Climate Bill Cost Claims: "Correspondent" Falls Down on Job
It seems that more and more opponents to action on clean energy and climate protection are succumbing to a virus more virulent than swine flu: the inability to tell the truth from fiction. Today's episode begins with a blog post by Declan McCullagh, who is billed as a "correspondent" for CBSNews.com (an operation not to be confused with the CBS News of Murrow and Cronkite).
Blogger McCullagh's post is headlined "Obama Admin: Cap and Trade Could Cost Families $1761 a Year." Well, with a headline like that you might think there was a new report by the Obama administration calculating the costs of a cap and trade bill on U.S households. But you would be wrong...
Here is the truth, as old-fashioned as that concept might seem to some.
What blogger McCullagh was actually writing about are five memos written by Treasury department employees that were provided in response to a Freedom on Information request filed by the Competitive Enterprise Institute, a conservative, Washington-based advocacy group. Most of the memos are undated, but some appear to have been written by Treasury Department employees in the final months of the Bush Administration as part of the transition. One must have been written after Obama took office since it refers to a February 2009 speech he made.
To provide suitably sinister mood music, McCullagh leads with a claim that the "Obama administration has privately concluded that a cap and trade law would cost American taxpayers up to $200 billion a year..." (my emphasis) and refers to one of these memos as "a previously unreleased analysis prepared by the U.S. Department of Treasury."
Well, here are the facts:
1. The first memo referred to by McCullagh is undated but obviously was written after Obama's Joint Congressional Session address of Feb 24, 2009, which is mentioned in the memo. It is one page long and was written by a Treasury Department employee, Judson Jaffe, probably for a higher-up's briefing book. It is neither an analysis nor a summary of one. It contains a statement that if all allowances from a cap were auctioned it "could generate federal receipts on the order of $100 to $200 billion annually." The memo does not assign a household impact cost (because it does not address what might be done with the receipts). Blogger McCullagh is the one who generated the "cost per household" number (by dividing $200 billion by about 113 million households).
So this memo is not an Obama administration estimate of the impact of a legislative proposal on consumers; it is a simple statement of the revenues that might be received if all allowances in a cap program were auctioned (as Obama's budget was then proposing). Nor was this estimate a secret. At the time the Obama budget was sent up there were numerous back of envelope calculations making estimates of revenues in the same ballpark under the full auction approach.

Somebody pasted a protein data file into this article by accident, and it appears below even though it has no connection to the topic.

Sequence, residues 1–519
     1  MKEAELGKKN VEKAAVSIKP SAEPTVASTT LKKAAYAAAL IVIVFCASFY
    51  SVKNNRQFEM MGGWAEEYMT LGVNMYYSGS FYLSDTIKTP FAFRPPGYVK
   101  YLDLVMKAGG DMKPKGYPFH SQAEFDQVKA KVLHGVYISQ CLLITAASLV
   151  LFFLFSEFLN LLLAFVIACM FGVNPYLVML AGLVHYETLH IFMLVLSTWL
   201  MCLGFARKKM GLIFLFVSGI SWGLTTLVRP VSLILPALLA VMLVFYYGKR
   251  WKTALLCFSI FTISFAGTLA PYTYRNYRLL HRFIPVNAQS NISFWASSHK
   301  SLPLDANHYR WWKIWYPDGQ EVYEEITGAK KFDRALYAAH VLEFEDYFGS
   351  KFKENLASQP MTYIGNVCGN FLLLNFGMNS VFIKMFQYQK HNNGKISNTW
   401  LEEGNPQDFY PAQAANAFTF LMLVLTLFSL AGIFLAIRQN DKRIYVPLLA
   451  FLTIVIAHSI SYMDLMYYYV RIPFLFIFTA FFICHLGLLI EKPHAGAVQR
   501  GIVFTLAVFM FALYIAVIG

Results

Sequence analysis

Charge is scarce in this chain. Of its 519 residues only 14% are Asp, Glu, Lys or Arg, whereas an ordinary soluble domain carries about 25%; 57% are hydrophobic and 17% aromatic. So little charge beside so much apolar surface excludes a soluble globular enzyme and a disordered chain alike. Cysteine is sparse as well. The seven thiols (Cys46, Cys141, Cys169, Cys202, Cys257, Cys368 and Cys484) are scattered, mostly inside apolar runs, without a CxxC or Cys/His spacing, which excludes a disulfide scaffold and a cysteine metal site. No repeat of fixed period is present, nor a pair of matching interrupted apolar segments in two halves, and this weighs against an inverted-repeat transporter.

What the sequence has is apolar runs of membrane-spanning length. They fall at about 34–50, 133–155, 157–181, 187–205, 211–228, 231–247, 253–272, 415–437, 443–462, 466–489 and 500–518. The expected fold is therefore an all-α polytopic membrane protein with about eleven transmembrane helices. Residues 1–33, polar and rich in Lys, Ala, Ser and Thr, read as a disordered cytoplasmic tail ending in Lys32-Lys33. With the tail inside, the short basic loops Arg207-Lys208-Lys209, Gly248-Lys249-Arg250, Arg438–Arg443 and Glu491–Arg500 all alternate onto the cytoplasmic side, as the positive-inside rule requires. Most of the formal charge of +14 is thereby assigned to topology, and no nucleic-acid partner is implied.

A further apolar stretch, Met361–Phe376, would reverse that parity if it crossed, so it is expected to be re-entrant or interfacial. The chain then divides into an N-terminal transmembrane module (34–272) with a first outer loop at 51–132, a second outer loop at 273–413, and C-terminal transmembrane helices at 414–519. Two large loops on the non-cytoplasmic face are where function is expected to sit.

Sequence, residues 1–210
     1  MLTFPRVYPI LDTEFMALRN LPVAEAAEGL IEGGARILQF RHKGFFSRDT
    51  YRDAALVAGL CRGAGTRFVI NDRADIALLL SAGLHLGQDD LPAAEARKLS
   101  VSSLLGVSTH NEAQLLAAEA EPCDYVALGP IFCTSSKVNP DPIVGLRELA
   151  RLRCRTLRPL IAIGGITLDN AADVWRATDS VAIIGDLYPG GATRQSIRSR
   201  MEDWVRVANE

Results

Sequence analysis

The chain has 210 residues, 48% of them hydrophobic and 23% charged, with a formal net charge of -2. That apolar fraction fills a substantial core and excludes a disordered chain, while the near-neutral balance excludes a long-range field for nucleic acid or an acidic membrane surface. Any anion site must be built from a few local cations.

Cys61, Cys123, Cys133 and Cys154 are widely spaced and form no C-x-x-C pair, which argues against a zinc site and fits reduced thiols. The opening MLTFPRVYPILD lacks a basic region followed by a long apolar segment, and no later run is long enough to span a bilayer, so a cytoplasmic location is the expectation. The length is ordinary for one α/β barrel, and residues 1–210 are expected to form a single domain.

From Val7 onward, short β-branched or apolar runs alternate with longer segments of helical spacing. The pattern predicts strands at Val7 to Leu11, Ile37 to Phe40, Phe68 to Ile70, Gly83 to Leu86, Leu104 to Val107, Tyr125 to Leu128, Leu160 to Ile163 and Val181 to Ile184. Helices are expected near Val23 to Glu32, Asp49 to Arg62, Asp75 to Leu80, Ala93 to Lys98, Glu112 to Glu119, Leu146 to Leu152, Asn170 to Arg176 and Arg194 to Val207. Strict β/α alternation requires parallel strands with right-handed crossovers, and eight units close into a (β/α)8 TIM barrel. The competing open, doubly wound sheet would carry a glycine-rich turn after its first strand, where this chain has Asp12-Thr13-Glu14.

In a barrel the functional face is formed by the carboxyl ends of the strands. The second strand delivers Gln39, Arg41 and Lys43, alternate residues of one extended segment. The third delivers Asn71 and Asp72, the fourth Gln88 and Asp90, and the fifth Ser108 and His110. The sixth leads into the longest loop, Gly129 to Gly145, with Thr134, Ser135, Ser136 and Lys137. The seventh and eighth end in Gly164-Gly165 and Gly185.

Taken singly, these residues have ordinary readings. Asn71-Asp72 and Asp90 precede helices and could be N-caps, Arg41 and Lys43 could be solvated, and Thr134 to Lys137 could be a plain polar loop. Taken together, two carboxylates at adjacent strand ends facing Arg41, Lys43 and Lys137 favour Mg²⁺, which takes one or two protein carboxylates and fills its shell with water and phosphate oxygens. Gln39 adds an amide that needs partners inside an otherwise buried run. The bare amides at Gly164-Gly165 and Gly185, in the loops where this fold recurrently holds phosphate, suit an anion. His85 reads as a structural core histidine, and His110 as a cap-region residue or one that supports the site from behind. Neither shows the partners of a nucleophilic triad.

But the key falsehood in McCullagh's blog is his claim that this memo was an administration estimate of impacts of a climate bill on families. It was nothing of the sort since there was no mention of how the revenues could or would be used to provide benefits to households through tax cuts or other programs to lower energy bills.
In fact, the bills actually before Congress do not employ a 100% auction and they distribute allowance value so that the poorest households actually would have more money in their wallets. According to several credible, non-partisan sources, like the EPA, EIA, and CBO, the average household impact is less than the cost of a postage stamp a day.
2. The second memo cited by McCullagh is a draft of a transition memo dated 11/6/08, with no author indicated. It states that some future US climate policy could have "economic costs likely on the order of 1% of GDP." Again, this is not an analysis of any policy; just a ballpark indicator of the economic scale of possible climate policies.
The estimate of "on the order of 1%" is a typical number that is thrown around and is in no sense a bombshell.
Other actual analyses have projected total cumulative impacts on GDP over a 30-40 year period at 1% or less. And, what does that size impact mean? It means that 40 years from now the average household will have an income level twice today's average but it will be reached in June of 2050 rather than in January of that year.